Cape Elizabeth Town Manager Mike McGovern learned this week that military escorts are helping health workers fight polio in Pakistan.

McGovern met Tuesday with the acting president of Pakistan to discuss Rotary International’s efforts to vaccinate children in that country.

McGovern was in Pakistan because he travels widely as chairman of the club’s International PolioPlus Committee and its End Polio Now campaign. Pakistan and Afghanistan are the only countries that have never eliminated transmission of the crippling disease, which is incurable but completely preventable through vaccination.

Acting President Raza Rabbani told McGovern’s delegation that military operations to protect polio health workers have helped to diminish the disease in the semi-autonomous Federally Administered Tribal Areas of Pakistan, according to DAWN, a Pakistani news agency.

“It is heartening to learn of the successes achieved in (the tribal areas) in controlling polio virus, which shows that the tide can be stemmed with perseverance and commitment,” Rabbani said in a story published Wednesday. “The total number of polio cases has reduced substantively in Pakistan due to the efforts of the government, and the country is likely to succeed in eradicating this menace very soon.”

Poliomyelitis is a highly infectious disease that attacks the nervous system and can cause paralysis and sometimes death in a matter of hours. The United States has been polio-free for more than three decades because of effective vaccines, according to the U.S. Centers for Disease Control and Prevention.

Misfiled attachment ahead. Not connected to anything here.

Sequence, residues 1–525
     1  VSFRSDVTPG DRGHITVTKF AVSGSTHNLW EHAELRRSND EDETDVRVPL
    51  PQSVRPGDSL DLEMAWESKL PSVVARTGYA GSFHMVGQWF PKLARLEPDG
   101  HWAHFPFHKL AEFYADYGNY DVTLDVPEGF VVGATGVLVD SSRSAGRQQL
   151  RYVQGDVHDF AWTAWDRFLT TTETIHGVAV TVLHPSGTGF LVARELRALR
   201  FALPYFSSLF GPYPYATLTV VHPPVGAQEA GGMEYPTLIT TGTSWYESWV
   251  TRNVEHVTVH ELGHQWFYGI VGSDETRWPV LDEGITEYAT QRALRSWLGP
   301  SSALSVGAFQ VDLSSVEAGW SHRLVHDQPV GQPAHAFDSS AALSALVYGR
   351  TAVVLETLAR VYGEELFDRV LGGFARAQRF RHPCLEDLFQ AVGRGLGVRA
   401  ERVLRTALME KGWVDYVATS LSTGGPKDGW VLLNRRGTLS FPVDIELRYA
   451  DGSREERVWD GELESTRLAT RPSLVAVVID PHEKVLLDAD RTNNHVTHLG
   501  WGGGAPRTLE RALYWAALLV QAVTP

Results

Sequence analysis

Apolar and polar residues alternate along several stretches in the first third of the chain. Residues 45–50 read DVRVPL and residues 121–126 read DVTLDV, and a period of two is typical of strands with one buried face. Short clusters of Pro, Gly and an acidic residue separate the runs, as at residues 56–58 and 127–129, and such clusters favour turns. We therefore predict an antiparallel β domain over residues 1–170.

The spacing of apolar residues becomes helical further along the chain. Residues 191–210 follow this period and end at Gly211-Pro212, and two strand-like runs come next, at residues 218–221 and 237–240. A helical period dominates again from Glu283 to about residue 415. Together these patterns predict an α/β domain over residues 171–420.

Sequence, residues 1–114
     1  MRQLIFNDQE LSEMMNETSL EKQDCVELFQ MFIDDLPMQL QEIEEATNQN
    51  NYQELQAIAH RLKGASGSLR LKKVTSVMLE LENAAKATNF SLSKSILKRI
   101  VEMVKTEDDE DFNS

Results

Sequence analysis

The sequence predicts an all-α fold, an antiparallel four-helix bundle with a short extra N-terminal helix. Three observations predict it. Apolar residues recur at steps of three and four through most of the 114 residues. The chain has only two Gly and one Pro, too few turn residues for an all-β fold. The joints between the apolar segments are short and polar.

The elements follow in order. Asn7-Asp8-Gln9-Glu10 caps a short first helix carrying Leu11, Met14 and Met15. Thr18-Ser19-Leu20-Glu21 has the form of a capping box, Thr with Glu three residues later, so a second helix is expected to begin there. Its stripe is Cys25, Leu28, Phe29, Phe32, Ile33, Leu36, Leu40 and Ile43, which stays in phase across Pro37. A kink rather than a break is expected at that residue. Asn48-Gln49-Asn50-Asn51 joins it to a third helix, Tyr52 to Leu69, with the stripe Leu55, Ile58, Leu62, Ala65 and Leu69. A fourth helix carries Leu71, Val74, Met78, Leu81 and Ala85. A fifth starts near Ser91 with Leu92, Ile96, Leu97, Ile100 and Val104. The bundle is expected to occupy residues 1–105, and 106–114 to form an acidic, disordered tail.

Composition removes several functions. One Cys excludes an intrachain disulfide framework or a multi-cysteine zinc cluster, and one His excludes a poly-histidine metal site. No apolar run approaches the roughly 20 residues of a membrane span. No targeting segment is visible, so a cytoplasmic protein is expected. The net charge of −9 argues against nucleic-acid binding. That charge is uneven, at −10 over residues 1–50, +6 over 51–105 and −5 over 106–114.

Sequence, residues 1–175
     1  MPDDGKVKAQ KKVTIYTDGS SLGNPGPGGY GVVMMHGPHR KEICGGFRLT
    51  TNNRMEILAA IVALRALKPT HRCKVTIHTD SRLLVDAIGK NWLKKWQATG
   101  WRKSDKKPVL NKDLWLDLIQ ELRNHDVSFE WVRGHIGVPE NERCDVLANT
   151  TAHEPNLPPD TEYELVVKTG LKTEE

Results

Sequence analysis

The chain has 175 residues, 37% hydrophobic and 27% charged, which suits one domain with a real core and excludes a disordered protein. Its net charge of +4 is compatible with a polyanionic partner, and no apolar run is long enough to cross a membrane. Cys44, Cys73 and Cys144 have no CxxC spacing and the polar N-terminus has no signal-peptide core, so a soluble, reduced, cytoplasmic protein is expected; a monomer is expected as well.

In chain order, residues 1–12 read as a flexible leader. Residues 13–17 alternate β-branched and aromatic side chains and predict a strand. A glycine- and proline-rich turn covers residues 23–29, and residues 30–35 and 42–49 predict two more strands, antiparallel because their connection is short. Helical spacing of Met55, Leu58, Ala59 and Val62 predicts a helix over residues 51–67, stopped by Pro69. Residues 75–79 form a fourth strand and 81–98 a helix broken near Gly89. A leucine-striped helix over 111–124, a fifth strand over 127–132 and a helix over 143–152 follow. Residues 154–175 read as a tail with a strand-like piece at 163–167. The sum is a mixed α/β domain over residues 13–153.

In Pakistan, many health workers have been killed while distributing polio vaccine drops because Islamic militants claim they are U.S. spies and part of a Western plot to sterilize children, according to news reports. Since the Pakistani government began providing military escorts for vaccination efforts, seven police officers were killed in April while guarding polio health workers in Karachi.

Despite these losses, Rabbani said the military operation has helped to extend the outreach of polio health workers, allowing an additional 600,000 children to receive the polio vaccine in the tribal areas, the Daily Times of Pakistan reported.

As a result, the number of polio cases has dropped drastically, with only 12 cases registered in the current year compared with 54 in 2015 and 306 in 2014, according to government data reported by DAWN.

“Pakistan is beholden to Rotary for massive resource mobilization for polio eradication,” Rabbani said in the Daily Times, adding that he looked forward to greater collaboration with the Rotary to end polio.

Rabbani, who is chairman of Pakistan’s Senate, is acting president while President Mamnoon Hussain is in Saudi Arabia on a pilgrimage to Mecca.

While meeting Tuesday with Rabbani, McGovern discussed Rotary’s various programs in Pakistan, including efforts to increase literacy and provide clean water.

Since 1979, Rotarians have spent $1.7 billion – $110 million this year alone – to eradicate polio worldwide, which includes providing the vaccine and the equipment to help dispense it, such as coolers and refrigerators. McGovern’s role as global chairman of the campaign is to see the results of that investment first-hand and ensure the accountability of sponsored programs.

“It is wonderful to see the progress in Pakistan in eradicating polio,” McGovern said Thursday in an email.

During a tour of polio vaccination centers, his delegation drove through Abbottabad, the city where Osama bin Laden lived and died. McGovern also met the president of the Rotary Club of Abbottabad.

“It has been an interesting week in Pakistan,” he said. “I am looking forward to returning home Friday.”

Kelley Bouchard can be contacted at 791-6328 or at:

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Twitter: KelleyBouchard

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